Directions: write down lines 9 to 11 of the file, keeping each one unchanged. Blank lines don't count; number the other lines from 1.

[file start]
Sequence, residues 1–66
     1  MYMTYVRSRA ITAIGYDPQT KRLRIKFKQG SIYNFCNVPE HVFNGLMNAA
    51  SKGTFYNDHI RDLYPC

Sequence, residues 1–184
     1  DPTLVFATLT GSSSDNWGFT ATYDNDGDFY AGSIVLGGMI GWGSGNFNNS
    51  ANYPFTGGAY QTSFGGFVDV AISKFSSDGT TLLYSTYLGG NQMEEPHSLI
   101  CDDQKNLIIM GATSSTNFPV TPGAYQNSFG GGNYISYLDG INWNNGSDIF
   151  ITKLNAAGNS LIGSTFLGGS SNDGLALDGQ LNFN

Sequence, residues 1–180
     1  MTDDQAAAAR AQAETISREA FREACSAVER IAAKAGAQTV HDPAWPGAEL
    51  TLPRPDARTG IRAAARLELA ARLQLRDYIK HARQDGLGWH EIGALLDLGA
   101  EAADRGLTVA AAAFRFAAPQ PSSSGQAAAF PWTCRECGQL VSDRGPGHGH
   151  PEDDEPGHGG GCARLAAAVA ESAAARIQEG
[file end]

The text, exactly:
Sequence, residues 1–180
     1  MTDDQAAAAR AQAETISREA FREACSAVER IAAKAGAQTV HDPAWPGAEL
    51  TLPRPDARTG IRAAARLELA ARLQLRDYIK HARQDGLGWH EIGALLDLGA